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Dec 5, 2023 - 11:19:08 AM
10 posts since 12/5/2023

Hello, I am new to the hangout. I am trying to identify my father's old tenor banjo. I had him write that note some time ago to give some detail. It was originally my grandfather's instrument. Any insight, and current value is appreciated.  Attached 3 pics. Thank you, kevin

Edited by - Kevin BB on 12/05/2023 11:22:32

Dec 5, 2023 - 11:22:47 AM

Bill Rogers (Moderator)

USA

27782 posts since 6/25/2005
Online Now

And???

Dec 5, 2023 - 11:26:42 AM

10 posts since 12/5/2023

I was asking for information and value. Are you able to see the pictures? Thank You

Dec 5, 2023 - 11:37:28 AM

1775 posts since 4/13/2009

If you can't see them in your post, neither can anyone else.

Dec 5, 2023 - 12:01:02 PM
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1102 posts since 5/31/2004

Hi Kevin, I saw the photos on your profile page.

The Challenger you have was made by the William Lange company, probably in the late 1920s. I owned one in the 1970s.

It's an excellent banjo and can certainly be used professionally. When set up well, it should be capable of tremendous volume!

I might get flak for this, but realistically, in good shape, you could expect the banjo to bring $500-600.

Dec 5, 2023 - 12:36:38 PM
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441 posts since 7/24/2021

Welcome Kevin BB. Yup. Pics are in profile .

Dec 5, 2023 - 2:03:21 PM
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10 posts since 12/5/2023

sorry , attaching the pictures is causing issues . attempting again


Dec 5, 2023 - 2:08:34 PM

10 posts since 12/5/2023

quote:
Originally posted by vintagetenor

Hi Kevin, I saw the photos on your profile page.

The Challenger you have was made by the William Lange company, probably in the late 1920s. I owned one in the 1970s.

It's an excellent banjo and can certainly be used professionally. When set up well, it should be capable of tremendous volume!

I might get flak for this, but realistically, in good shape, you could expect the banjo to bring $500-600.

Thank you for the reply. Yes, he played banjo with a band from the 40's-70's. I suppose "professional" is subjective, as he was paid, and has wall plaques, but had another profession for his living.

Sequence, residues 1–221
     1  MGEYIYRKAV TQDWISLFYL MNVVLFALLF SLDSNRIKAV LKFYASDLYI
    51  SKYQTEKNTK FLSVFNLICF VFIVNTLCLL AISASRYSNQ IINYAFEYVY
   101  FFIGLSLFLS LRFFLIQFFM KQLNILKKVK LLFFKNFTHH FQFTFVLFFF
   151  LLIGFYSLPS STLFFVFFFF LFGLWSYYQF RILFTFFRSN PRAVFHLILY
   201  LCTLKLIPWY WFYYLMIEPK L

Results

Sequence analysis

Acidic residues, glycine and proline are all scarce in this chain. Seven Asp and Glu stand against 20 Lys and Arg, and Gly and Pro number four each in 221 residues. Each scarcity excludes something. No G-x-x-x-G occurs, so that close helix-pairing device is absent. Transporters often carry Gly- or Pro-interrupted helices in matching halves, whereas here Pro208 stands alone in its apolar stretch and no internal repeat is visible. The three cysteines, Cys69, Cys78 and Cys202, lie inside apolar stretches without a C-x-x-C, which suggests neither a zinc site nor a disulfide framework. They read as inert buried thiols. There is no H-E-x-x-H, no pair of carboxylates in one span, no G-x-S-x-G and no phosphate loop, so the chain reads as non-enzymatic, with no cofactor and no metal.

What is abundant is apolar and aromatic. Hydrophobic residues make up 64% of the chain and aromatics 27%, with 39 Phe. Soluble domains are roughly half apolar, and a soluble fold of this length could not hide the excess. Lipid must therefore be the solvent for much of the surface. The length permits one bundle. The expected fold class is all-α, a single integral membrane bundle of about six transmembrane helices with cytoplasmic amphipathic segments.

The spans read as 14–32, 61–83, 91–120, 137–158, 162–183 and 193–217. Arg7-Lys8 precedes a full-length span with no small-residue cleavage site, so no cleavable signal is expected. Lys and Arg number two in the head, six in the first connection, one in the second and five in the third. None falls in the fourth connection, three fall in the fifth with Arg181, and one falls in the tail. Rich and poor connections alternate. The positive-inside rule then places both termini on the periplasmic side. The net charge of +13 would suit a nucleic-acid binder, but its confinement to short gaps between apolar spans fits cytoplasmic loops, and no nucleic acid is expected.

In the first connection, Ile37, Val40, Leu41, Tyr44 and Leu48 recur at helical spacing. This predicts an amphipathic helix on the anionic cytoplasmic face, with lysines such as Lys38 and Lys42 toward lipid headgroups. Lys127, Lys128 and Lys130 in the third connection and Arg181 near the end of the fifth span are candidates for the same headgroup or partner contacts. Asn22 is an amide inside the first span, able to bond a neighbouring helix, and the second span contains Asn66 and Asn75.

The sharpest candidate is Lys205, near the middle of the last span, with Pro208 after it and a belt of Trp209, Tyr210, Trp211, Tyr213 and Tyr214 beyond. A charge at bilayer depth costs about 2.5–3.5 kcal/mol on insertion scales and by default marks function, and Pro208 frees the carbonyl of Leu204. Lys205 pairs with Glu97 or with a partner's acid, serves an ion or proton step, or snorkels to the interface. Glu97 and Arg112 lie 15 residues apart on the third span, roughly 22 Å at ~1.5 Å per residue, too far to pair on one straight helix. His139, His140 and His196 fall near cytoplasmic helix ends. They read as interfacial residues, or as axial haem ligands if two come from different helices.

Dec 5, 2023 - 3:28:10 PM

1102 posts since 5/31/2004

What I meant by "professionally" is that your banjo would serve the player in a band situation just as well as a Paramount, Mastertone , Vegaphone, etc.

Dec 5, 2023 - 7:08:31 PM

DSmoke

USA

1407 posts since 11/30/2015
Online Now

I agree with Mike, from a private seller this banjo would sell in the $500 - $600 range. There is some demand for these in the Irish trad community, but with so many Paramounts available these would be desired a little below the Paramounts, which affects the value.

Dec 5, 2023 - 8:08:58 PM

3272 posts since 3/30/2008

The "Challenger" is a really nice instrument. I've had 2 of these, & was fascinated with the adjustable/moveable portal gate system. I played these banjos for a couple of years, & never could tell much of a difference in sound when altering the portals. It seemed like an overly complex system that didn't really accomplish much.

Dec 6, 2023 - 5:03:02 AM

5564 posts since 3/22/2008

Insight: Wm. L. Lange, the manufacturer of the Challenger banjo was quite the banjo sound chamber tinkerer. He obtained several patents for his banjo theories. Some worked and others not so much (see tdennis above). The Challenger was introduced March 12, 1927 (attached). The acoustics were based on Lange patent 1,615,460 awarded Jan. 25, 1927 (attached). The Challenger was noted in other trade publications in March 1927 (attached). The Challenger was featured at the next fretted instrument convention on June 18, 1927 along with the introduction of the gold plated Challenger King (attached). I don't think the Challenger tenor banjo had a very long production run as by June 1928 Lange was in the process of introducing his line of double resonator Super Paramount "wedding cake" banjos another of Lange's innovative banjo creations.


Edited by - beezaboy on 12/06/2023 05:16:52

Dec 6, 2023 - 11:32:37 AM

10 posts since 12/5/2023

quote:
Originally posted by beezaboy

Insight: Wm. L. Lange, the manufacturer of the Challenger banjo was quite the banjo sound chamber tinkerer. He obtained several patents for his banjo theories. Some worked and others not so much (see tdennis above). The Challenger was introduced March 12, 1927 (attached). The acoustics were based on Lange patent 1,615,460 awarded Jan. 25, 1927 (attached). The Challenger was noted in other trade publications in March 1927 (attached). The Challenger was featured at the next fretted instrument convention on June 18, 1927 along with the introduction of the gold plated Challenger King (attached). I don't think the Challenger tenor banjo had a very long production run as by June 1928 Lange was in the process of introducing his line of double resonator Super Paramount "wedding cake" banjos another of Lange's innovative banjo creations.


Wow, thanks to all the replies. Beezaboy these articles are great! And yes my dad explained how turning the ring amplified, or decreased, the sound. Appreciate the knowledge. Kevin

Dec 10, 2023 - 5:02:42 AM
Players Union Member

Helix

USA

17443 posts since 8/30/2006

I made a 5-string neck for a Challenger, here's the tunneled 5th string headstock called "The Bishop."
Lange Triple X is another.
The adjustable aperture resonator hasn't been better perfected.


Dec 10, 2023 - 3:45:32 PM

10 posts since 12/5/2023

quote:
Originally posted by Helix

I made a 5-string neck for a Challenger, here's the tunneled 5th string headstock called "The Bishop."
Lange Triple X is another.
The adjustable aperture resonator hasn't been better perfected.


Those look nice!

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